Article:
Remember this?

Do you remember safety matches? They were the ones with the black tips. They were originally called “safety matches” because they only lit when struck on the side of the box. Matches with red tip could be struck off of practically any surface.

I wonder if anyone made the baked cod recipe.


Rite of passage

My lovely granddaughter at her Ceremony of Light last week.


Santa Claus is Coming to Town

These pictures are from previous parades. This year’s parade takes place on Sunday Dec 7 in The Square at 1.00p.m.


Princess Mary Tin in Listowel

Yesterday I told you about the Princess Mary tin which brought some cheer to the trenches during WW1. Jim Halpin has been in touch to tell us that he has one such tin in his William O’Dell collection in his war museum in Church Street, Listowel.


End of an era

Sold at auction yesterday for €76,000

Old ways, a Horgan reunion and some more style

Do you remember the hay float?

If you do you might enjoy this lovely clip which Jer. shot on Vintage Day in Blennerville on Sunday Sept. 29


 Jim Halpin’s photo of a group in 1942 in the Sluagh Hall, Listowel. They were the Army Medical Corps. I dont suppose anyone will be able to name these men.


I dont have a date for this cutting but we can see where all the power lay in those days.


The following photos were sent to me by Jim Horgan who organised the recent clan reunion in Tómaísín’s in Lisselton. There was a great turnout of Horgans on the night and they enjoyed a great séisiún.

 Horgan Cousins

 Mike Molyneaux, Margaret O’Donoghue Cloonan, Tom Molyneaux, Brede Molyneaux
Brosnans and Horgans
Fantastic local musicians from Ballydonohue
Fantastic local musicians fromh Ballydonohue
Horgan Cousins from Kerry, England and USA
Having a spin: Margaret O’Donoghue Cloonan (Tannavalla/Pittsburgh), Mike Molyneaux (Woodford, Listowel), Eileen O’Donoghue Curran (Tannavalla/Pittsburgh), Bridget Horgan (Atlanta, USA)

Jim and Bridget Horgan having a waltz

Lara Scott – Atlanta Georgia, USA
Eileen Ann Brosnan (New Zealand), Jim Horgan (Atlanta, USA), Cathy Horgan Herbenick (Dayton, USA)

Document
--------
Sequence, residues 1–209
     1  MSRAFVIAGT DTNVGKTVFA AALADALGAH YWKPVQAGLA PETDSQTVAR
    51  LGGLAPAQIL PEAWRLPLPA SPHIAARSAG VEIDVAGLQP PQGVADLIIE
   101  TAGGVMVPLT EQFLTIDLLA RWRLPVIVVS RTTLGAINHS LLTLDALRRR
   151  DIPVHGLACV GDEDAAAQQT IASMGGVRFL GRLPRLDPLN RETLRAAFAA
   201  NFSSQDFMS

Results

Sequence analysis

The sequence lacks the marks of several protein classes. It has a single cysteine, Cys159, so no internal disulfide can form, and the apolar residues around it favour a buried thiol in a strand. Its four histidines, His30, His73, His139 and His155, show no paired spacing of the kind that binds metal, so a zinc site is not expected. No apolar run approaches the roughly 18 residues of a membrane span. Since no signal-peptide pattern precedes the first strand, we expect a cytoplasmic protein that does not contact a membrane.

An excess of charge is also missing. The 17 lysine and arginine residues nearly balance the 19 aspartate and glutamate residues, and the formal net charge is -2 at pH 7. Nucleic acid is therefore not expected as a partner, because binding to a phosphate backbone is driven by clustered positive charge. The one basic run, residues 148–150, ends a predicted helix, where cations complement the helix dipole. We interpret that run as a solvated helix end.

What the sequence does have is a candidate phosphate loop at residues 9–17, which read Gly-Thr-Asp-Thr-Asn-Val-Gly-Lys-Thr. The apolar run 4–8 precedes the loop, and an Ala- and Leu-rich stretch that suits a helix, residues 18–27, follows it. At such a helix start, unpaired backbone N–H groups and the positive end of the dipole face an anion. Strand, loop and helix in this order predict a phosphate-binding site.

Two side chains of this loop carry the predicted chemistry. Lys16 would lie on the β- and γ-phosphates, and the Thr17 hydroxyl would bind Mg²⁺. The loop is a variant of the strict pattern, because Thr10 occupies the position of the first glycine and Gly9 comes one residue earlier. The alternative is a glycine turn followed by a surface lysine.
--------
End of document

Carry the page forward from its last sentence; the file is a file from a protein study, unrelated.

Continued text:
A few more from Ladies Day

If you haven’t seen your photo yet, don’t despair. I still have a few more to go.


Still on style, the wedding of the year took place in The Bahamas recently and the happy (and very rich) couple released this photo;

Sluagh Hall and cleaning up

    A view of the town from Dylan Boyer


The Monday cleanup gang: Well done all.


Sluagh Hall 

At the ceremony to mark the
closure of the Sluagh Hall in Listowel and the standing down of F Company,
Michael Guerin gave an address on the background to the Sluagh hall and the FCA
in Listowel.

I am paraphrasing this address
from the account of it in The Advertiser.

At the outbreak of WW2 the
Irish government declared a state of 
emergency on June 7th 1940. The following year a Local
Defence Force was formed.

The Listowel District Command
covered 21 districts in North Kerry and included a Field Ambulance Company.

The first regular army
instructor appointed the LDF was Bill Kearney. 
(Bill became a stalwart of the Listowel drama Group). The LDF had its
headquarters at Moloney’s Garage in Upper William St. (This premises was later
Lonergan’s Supermarket and now houses Royal China.)

In 1943 the army bought an
old egg packing store by the railway bridge in Upper William St. This premises
was converted to a Sluagh Hall. There were 78 of these halls throughout the
country. The Hall had offices, a training hall and an indoor rifle range.

Down the years Listowel
Sluagh Hall has been used for basketball, tennis, badminton, volleyball, drama
productions, Writers’ Week exhibitions, boxing and Tae kwon do.

In 1946 the old reserve was
disestablishes and An Fórsa Cosanta áitiúil (FCA) was established. This was
formed into 6 companies in North Kerry. The company met for training on Tuesday
nights and parades at weekends. The highlight of the year was the annual
training camp in Ballymullen Barracks in Tralee. This was like a two week paid
holiday for many a young North Kerry youth.

In 2005 the FCA was disbanded
and the Army Reserve established in its place. The numbers joining the Army
Reserve never reached the peaks seen in the FCA in the 1960s and 70s.

In 2013 Listowel’s F Company
was finally stood down and the Sluagh Hall closed up forever.


These two are taking part in a sketch in school. They are Rhona Tarrant and Chloe Walshe, both of whom have gone on to carve out careers in media.


Poster from 1980


Don’t you wish you lived here all year round?

Ballybunion Sea Angling posted this from his morning walk by The Cashen on Saturday April 20 2013